Meet Timeica E. Bethel, Director of the Afro-American Cultural Center at Yale ("The House") and Assistant Dean of Yale College. In this Black History Month Alumni Identity Spotlight, Bethel shares how her time with The House has come full circle

This feature is part of a series focused on amplifying the voices of alumni who are making an impact today and illuminating how the identities we bring to Yale transform both our community and the world. 

What is your most enduring memory of your time at Yale?

Timeica Bethel at GraduationMy most enduring memory of my time at Yale was watching the 2008 presidential election results live with hundreds of other students at The House. It was such a historic and emotional moment, and I'll never forget the tears of joy and cheers that erupted the moment the election was called in favor of former President Barack Obama.

How has your identity shaped your Yale experience?

My identities as a Black woman and FGLI student had a significant impact on my Yale experience. I spent most of my Yale days at The House, leading organizations like the Black Student Alliance at Yale and Black Church at Yale. The House is where I felt affirmed and found my voice.

What is your hope for the future of the Yale alumni community?

My hope is that the Yale alumni community becomes more cohesive and inclusive in the years to come, and that more young alumni are encouraged to be leaders in the space. The cultural centers love to have alumni engaged with current students. If you want to mentor a student or if you want to help do mock interviews for students as they prepare for job and fellowship opportunities, there are so many ways to engage. If you want to be involved as an alum, find the pathways to do that. We're happy to engage with you and really continue to make Yale feel like your home even after you graduate.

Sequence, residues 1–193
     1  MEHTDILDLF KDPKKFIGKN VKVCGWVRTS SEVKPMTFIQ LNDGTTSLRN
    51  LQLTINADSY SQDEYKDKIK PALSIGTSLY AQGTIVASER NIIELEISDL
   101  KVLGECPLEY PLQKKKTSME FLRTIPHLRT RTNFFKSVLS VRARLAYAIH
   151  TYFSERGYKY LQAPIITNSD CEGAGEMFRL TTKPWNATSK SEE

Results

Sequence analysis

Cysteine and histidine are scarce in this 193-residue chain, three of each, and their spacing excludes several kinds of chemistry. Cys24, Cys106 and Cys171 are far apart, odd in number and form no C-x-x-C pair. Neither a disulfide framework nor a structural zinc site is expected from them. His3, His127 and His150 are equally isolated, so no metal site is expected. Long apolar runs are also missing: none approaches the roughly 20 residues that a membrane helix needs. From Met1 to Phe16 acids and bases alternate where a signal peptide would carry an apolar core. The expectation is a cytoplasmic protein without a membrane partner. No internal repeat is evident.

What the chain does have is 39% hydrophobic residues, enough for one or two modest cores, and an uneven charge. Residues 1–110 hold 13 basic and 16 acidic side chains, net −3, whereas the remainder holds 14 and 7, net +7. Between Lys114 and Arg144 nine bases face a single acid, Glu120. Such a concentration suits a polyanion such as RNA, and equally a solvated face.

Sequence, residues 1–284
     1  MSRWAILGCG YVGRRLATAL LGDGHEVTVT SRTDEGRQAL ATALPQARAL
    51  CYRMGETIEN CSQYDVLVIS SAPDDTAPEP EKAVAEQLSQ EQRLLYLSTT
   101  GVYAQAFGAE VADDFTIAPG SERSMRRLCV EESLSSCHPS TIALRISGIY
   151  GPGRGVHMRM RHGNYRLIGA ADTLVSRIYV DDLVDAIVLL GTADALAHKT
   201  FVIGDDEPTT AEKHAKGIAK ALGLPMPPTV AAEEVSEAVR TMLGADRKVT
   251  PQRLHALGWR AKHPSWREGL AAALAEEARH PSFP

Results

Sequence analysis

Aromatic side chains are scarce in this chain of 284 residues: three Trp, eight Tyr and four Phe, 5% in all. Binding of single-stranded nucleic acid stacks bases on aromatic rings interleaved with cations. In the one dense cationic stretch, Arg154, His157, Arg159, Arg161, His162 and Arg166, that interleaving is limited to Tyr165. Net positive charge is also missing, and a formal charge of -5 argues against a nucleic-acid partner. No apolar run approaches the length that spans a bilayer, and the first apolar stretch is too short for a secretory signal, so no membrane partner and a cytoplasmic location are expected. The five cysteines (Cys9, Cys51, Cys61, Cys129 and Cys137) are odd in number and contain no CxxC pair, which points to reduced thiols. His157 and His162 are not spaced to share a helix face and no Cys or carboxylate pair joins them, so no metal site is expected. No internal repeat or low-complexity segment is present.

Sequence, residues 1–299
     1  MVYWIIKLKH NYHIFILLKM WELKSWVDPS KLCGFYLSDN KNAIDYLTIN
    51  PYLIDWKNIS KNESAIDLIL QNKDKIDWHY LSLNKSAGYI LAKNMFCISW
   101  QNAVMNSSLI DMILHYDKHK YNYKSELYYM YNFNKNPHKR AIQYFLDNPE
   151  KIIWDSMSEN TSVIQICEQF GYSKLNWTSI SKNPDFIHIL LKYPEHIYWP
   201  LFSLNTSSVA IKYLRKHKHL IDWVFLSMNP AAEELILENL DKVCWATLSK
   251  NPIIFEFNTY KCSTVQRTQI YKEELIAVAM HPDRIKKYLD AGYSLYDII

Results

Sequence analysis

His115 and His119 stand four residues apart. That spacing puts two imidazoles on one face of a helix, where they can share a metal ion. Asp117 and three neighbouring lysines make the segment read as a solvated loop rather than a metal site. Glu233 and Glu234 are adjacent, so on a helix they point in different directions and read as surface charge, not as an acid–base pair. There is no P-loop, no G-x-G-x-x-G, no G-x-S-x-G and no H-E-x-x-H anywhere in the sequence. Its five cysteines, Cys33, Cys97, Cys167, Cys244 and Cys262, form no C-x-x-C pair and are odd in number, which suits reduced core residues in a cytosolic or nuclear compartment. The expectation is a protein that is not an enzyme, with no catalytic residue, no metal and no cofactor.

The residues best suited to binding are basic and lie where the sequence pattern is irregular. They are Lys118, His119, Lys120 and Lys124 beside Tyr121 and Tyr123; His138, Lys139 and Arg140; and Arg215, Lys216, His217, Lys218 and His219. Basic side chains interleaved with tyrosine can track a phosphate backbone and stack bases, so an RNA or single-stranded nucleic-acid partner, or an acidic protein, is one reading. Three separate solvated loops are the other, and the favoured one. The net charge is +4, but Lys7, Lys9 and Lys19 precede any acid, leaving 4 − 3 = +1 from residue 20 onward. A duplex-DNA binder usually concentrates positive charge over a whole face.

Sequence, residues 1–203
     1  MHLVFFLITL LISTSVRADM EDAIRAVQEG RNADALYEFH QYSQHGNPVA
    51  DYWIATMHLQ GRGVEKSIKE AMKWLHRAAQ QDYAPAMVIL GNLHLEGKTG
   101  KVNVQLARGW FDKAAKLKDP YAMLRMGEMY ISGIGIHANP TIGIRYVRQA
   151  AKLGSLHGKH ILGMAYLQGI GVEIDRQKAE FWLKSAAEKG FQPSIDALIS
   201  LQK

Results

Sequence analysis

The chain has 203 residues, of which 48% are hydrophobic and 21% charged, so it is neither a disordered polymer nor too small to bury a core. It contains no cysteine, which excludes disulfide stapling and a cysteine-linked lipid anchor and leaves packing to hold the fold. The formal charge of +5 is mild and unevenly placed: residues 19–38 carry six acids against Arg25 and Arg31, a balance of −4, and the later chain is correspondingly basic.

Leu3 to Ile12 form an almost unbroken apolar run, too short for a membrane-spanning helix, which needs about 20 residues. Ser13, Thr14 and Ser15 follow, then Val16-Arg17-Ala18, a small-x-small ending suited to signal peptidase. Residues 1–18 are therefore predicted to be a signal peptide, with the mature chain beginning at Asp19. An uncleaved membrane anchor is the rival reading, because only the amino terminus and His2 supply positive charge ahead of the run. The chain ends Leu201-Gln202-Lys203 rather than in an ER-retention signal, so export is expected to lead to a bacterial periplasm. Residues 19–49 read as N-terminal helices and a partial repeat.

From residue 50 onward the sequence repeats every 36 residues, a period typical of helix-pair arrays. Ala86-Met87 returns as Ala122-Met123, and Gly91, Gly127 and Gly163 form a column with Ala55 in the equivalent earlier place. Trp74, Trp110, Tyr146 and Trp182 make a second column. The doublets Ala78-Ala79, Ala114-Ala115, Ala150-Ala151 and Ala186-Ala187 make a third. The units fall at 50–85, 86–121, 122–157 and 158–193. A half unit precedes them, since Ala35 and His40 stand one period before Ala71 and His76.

What advice would you give to fellow or future Yalies? 

Timeica Bethel Class of 2011My advice to current and future Yalies is to study and engage in things that you're passionate about, and don't be afraid when those passions take you away from the paths people tell you Yalies are “supposed to” pursue. You experiences SHOULD impact your goals.


Timeica E. Bethel-Macaire, also known as Dean Bethel, is Director of the Afro-American Cultural Center at Yale and Assistant Dean of Yale College. A first-generation, low-income student from Chicago, she earned a degree in Sociology from Yale in 2011. She has been an educator since joining Teach For America in 2011. After serving as an elementary school teacher, trainer and coach of teachers, and education nonprofit leader, Timeica returned to Yale in August of 2022 to lead The House.

Timeica lives by her high school’s slogan, “everything to help; nothing to hinder.” She is passionate about educational equity and providing people with the opportunities and resources necessary to be successful. She is a proud member of Alpha Kappa Alpha Sorority, Incorporated.

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